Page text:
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Comprehensive Battery Guide

Discussion in 'Android Devices' started by Gardium, Feb 13, 2011.

  1. Gardium

    Gardium Well-Known Member
    Thread Starter

    Hi to all whom read this.

    First of all, a note.

    This is a guide I have made from my own experience, conducting some tests and using my knowledge as an electrical engineer student. I am not saying this will work for all, as there is no "definate" proof in some of these guidelines, and each individual also uses the phone different. The amount of usage on the phone is of course the major factor to how long your battery cycle life will last. I classify myself as a moderate user, that uses the phone when I have to and when I want to. However I do not use the phone for much browsing or multimedia (except some music on Spotify). So my usage includes a bit of calling, facebook, text messages, calendar usage (mostly for school), active sync, gmail, etc. I some times play Angry Birds if I'm very bored.

    This is important! I do want this thread to turn out to be an informative and nice thread, where we can discuss this guide, and come with comments/suggestions. However, I do not want any flaming about the advice in this guide (this includes capslocked statements, especially from people who tend to claim task-killer apps are bad from past experience), and I will not answer questions/posts about task-killer apps. I have conducted tests myself about task-killer apps, and these tests and their results (with explanations) will be written here. Also, I will ask that nobody posts links about "how Android really should be used without task-killer app", as all those links are from programmers perspectives and state all kinds of arguements why the OS does not need a task-killer app. However in this thread, we are discussing battery life. Thus those links are irrelevant! I hereby also state that I understand the Android OS might be self-sufficient in closing apps when it needs RAM, and that SOME task-killer apps will even damage processes and use more battery. However, I am referring to a well designed and well programmed task-killer app that does not do this.

    Now that the note is done, here is the actual guide :). By using my phone in the way I describe here, I can easily get 36 hours out of one charge, and still have 15-20% battery left (my power savings mode has not yet started when I charge my phone normally). Thus I estimate I easily could push the phone to 40 hours+.

    The first step, the initial conditioning of the battery
    Many might know, that modern batteries today are not like old batteries, that needed the cells conditions, so the batter would last long before it needed to be changed out. Back in the old days (Nokia 3310/3330), if one didn't condition the battery, the battery would be useless after 3 months, and you would have to buy a new one. Todays batteries do not need this kind of conditioning to last long (about 1 year). However, from my experience (and also confirmed by other uses here), it is still a good idea to condition new batteries today, as this will give them a long battery cycle life (a cycle life is the time the battery lasts for one charge).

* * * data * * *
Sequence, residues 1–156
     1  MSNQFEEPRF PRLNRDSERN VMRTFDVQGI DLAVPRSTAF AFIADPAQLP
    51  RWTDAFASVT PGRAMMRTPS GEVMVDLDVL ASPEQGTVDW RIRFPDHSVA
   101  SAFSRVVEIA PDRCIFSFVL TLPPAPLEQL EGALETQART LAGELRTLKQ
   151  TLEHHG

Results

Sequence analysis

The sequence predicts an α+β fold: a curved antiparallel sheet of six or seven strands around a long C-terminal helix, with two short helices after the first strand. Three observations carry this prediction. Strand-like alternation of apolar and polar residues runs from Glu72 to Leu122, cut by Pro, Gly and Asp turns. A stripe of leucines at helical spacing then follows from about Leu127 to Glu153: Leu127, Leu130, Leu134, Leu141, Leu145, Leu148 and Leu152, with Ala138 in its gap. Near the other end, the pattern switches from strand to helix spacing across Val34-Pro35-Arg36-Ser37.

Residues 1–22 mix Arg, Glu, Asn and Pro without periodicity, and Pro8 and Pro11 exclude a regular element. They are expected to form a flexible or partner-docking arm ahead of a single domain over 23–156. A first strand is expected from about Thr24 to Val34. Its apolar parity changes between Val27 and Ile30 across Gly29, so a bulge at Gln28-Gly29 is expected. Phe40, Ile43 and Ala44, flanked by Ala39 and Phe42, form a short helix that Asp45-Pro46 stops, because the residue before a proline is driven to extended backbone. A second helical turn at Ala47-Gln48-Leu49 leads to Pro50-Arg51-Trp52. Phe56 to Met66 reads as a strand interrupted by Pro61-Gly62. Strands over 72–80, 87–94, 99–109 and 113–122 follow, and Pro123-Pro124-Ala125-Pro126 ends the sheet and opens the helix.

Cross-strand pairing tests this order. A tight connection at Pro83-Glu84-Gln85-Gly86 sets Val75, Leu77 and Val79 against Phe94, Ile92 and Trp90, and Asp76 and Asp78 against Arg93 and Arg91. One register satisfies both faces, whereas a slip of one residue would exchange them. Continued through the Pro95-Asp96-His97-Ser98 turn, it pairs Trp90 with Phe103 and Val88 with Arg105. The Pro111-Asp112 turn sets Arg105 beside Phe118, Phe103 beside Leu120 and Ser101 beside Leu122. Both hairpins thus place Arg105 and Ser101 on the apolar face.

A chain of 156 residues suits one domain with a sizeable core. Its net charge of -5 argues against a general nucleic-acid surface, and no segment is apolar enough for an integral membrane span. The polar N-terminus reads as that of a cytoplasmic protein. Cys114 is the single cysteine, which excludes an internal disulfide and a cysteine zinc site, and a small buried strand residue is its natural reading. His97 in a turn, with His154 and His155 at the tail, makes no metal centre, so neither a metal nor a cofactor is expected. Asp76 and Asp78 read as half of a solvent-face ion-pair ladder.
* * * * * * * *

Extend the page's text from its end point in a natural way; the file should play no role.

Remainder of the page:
The way to do this, is to let the phone charge the very first time, for at least 8-9 hours. I usually charge it over night. Then the next morning, I try to drain the battery completely by playing with the phone and setting it up. I litterally use the phone until it dies and cannot start up again. Then I will charge the battery again for at least 8-9 hours, and drain it completely again. This process is repeated a third time by me, first then do I consider my battery fully conditioned.

    There are rumors/posts/messages from HTC, that say there is a "boost" one can do, that sounds like "charge the battery 8 hours, turn off, then charge one more hour, use it for 3-4 hours, charge it 8 hours again, then turn off and charge one more hour, then battery should last longer". However, I have seen posts that claim this only works for a certain period of time. You are welcome to try this conditioning if you have already used your battery without conditioning it (and do not want to buy a new battery from HTC), but I do not stand by this, as I personally have not tried this out.

    Basically the reason you do this, is to "teach" the battery how to handle its cells. By "forcing" it to over charge, it gets an increased capacity in each cell, but this must be done within the first times of charging it, as this is its "learning period". It's important to charge it from completely empty (as it will "learn" that its "dead" and not give out power anymore when it is at that voltage) to completely "overfull" capacity (it will "learn" that it can charge so and so much before refusing to take more). The learning process has to be "repeated" for the battery to take it in fully. Eventhough HTC does state it is a 1200 mAh battery, this can vary according to how you condition it.

    Even though at the second and third charge the phone "claims" it's fully charged, the battery can actually take more into it, thus it can be "overcharged" . The phone measures the battery capacity from its voltage, but the cells have an amount of electrons they can take in, that create the current. This (the amount of electrons) is what you are "teaching" the cells, to increase their electron capacity. As the cells become depleted of electrons, the voltage also drops over the battery, thus the phone can measuse its capacity this way (the drops of voltage is SMALL. We are talking drops in milivolts, but it is still measurable by the phone).

    The set up of the phone - settings and usage
    The next important thing to do, is to set up the phone correctly. To be honest, I don't use many demanding widgets. You are free to set this up as you want, but try to do some research and see if the widget you want to use may pull a lot of power. Personally, I have the big weather widget, facebook widget, favorite contact widget, standard weather/clock widget from HTC, two rows of "power control widgets", one for power control (controls wifi, bluetooth, gps, active sync and brightness), and the other for data control (controls Mobile, wifi, autosync and roaming communications). Last one I have, is the GPS widget from HTC.